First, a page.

This cashew milk recipe is the crème de la crème of plant-based milks. It also means you can make your own homemade creamy vegan milk any day of the week.
I love making my own dairy-free milk. There are plenty of reasons for this, one of which being that just about everything homemade is better. However, I also feel like it’s a big saver of one-time-use plastic containers. Once you get the hang of making your own cashew milk, you’ll never run out of milk at home again!
Why This Recipe is a Winner
- Using soaked cashews combined with water creates a thick, creamy milk mixture
- Adding dates gives subtle, plant-based sweetness to every sip
- Vanilla enhances the nutty flavor of the cashews, making perfectly flavored nut milk
What You Need
You can find the full printable recipe, including ingredient quantities, below. But first, here are some explanations of ingredients and steps to help you make this recipe perfect every time.
Here are the ingredients you’ll need for this recipe:
- Cashews — You can buy raw cashews in health food stores or online. Some grocery stores will carry them, as well.
- Vanilla — We’ll add a bit of vanilla extract for flavor.
- Dates — I recommend Medjool dates, and these can be found at health food stores and many grocery stores. It’s a regular product with my vegan shopping at Costco.
- Water — If your water has flavor, I recommend using filtered water.
- Salt — A pinch of sea salt brings out the best flavors in this nut milk.
How to Make Cashew Milk
- Slow soak cashews for a minimum of four hours or use the fast-soak method below. Drain the soaking liquid.
- Add all the ingredients to the blender jar and pulse until creamy.
- Transfer the milk to a lidded jar (like a mason jar) and store it in the fridge.
Here’s a more detailed step-by-step guide:
Step One: Soak Cashews
Slow soak cashews:
- Place cashews in a glass bowl and cover with water.
- Refrigerate and soak them for a minimum of four hours or up to overnight.
- Drain the soaking liquid.
Fast soak cashews:
- Fast soak cashews by placing them in a saucepan.
- Cover them with water and then place it over medium heat.
- Bring it to a simmer (low boil) and cook for around 10 minutes. The cashews will become plump.
- Remove from heat and allow them to cool.
- Drain the soaking liquid.
Step Two: Add Ingredients to a Blender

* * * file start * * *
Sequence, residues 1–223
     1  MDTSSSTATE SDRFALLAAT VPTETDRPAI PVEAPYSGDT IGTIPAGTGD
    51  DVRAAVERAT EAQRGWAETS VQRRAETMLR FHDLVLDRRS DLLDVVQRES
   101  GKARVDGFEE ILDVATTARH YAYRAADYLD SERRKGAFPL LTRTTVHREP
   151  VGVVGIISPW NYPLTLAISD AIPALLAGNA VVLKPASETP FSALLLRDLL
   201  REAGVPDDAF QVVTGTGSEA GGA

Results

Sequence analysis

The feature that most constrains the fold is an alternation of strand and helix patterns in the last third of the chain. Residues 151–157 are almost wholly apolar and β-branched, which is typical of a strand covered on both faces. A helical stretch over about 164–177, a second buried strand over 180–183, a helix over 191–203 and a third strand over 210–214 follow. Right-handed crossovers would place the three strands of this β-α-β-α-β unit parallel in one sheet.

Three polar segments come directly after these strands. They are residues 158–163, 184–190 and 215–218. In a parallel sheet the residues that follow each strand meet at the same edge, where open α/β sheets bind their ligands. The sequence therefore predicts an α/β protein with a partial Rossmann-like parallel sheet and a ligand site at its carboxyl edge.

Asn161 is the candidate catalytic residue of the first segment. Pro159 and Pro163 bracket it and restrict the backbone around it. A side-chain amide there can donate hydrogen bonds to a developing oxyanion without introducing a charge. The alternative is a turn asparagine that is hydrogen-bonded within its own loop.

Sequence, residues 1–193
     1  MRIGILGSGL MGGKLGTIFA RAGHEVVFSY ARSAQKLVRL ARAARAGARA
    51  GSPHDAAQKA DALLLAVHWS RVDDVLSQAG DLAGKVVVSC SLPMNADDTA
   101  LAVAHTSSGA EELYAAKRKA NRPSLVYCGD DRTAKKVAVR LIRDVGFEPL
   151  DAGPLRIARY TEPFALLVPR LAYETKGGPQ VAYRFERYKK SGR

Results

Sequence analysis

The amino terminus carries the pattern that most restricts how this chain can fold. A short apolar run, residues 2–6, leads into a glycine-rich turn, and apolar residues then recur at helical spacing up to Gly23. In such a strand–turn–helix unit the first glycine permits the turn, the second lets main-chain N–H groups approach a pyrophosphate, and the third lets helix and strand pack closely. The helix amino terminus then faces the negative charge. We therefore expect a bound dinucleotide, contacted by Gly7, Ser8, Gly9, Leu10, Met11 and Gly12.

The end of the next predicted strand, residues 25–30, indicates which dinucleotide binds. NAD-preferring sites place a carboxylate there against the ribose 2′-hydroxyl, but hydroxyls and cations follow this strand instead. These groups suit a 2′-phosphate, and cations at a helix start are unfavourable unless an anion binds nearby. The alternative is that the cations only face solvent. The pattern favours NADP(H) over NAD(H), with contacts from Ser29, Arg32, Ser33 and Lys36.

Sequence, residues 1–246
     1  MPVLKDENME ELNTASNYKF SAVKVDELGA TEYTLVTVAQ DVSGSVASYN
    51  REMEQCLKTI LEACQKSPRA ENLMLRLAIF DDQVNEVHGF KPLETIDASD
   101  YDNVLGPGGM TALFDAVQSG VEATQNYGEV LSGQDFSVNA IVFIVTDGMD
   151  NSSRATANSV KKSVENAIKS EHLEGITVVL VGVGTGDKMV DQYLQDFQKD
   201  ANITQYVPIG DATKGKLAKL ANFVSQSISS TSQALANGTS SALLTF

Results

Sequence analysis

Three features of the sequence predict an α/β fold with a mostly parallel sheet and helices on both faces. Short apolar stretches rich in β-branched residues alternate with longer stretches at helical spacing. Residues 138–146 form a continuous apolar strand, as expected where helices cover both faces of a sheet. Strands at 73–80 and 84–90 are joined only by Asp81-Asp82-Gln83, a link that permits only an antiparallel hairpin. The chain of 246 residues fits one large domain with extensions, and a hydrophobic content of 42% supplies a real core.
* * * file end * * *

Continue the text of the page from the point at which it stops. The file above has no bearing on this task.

Add all the ingredients to a blender jar and pulse until creamy. Use a rubber spatula to scrape down the sides of the bowl as needed.
Step Three: Chill
Transfer the milk to a lidded jar (like a mason jar) and store it in the fridge.
To Strain or Not to Strain?
I don’t usually strain my cashew milk because the cashews are so soft they blend up nicely. It does mean you need to stir it if it’s been sitting in the fridge.
Store milk in a glass container, like a mason jar, in the fridge for up to 3 days. This milk will thicken as it sits so it will need to be stirred before using. You can freeze it by pouring it into ice cube trays. Then plop a frozen cube into soups or even hot beverages as you need them. Perfect!
Use this plant-based milk with any of the following:
Making It Nutritious
This nut milk is nutritious as is, but if you’d like to reduce carbs and calories even more, you can leave the dates out. Here are some key nutritional highlights:
- Around 100 calories per serving
- 3g of protein per serving (add a little vanilla protein powder to add even more protein)
- Cashews are great sources of healthy fats, copper, and magnesium, among other nutritional offerings.
More Vegan Milk Options
That’s it for this cashew milk recipe. Enjoy!
- 1 cup raw cashews , soaked 4 hours to overnight
- 4 cups water
- 2 Medjool dates
- 1 teaspoon vanilla extract
- ⅛ teaspoon sea salt (just a pinch)
- Use a blender to pulse all the ingredients until creamy. Scrape down the sides of the bowl with a spatula as needed.
- Once it's smooth, pour the contents of the blender into a mason jar and seal tightly. Store it in the fridge for up to 3 days. Be sure to shake it before serving as the ingredients will settle.
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The nutrition information shown is an estimate provided by an online nutrition calculator and should not be considered a substitute for a professional nutritionist’s advice.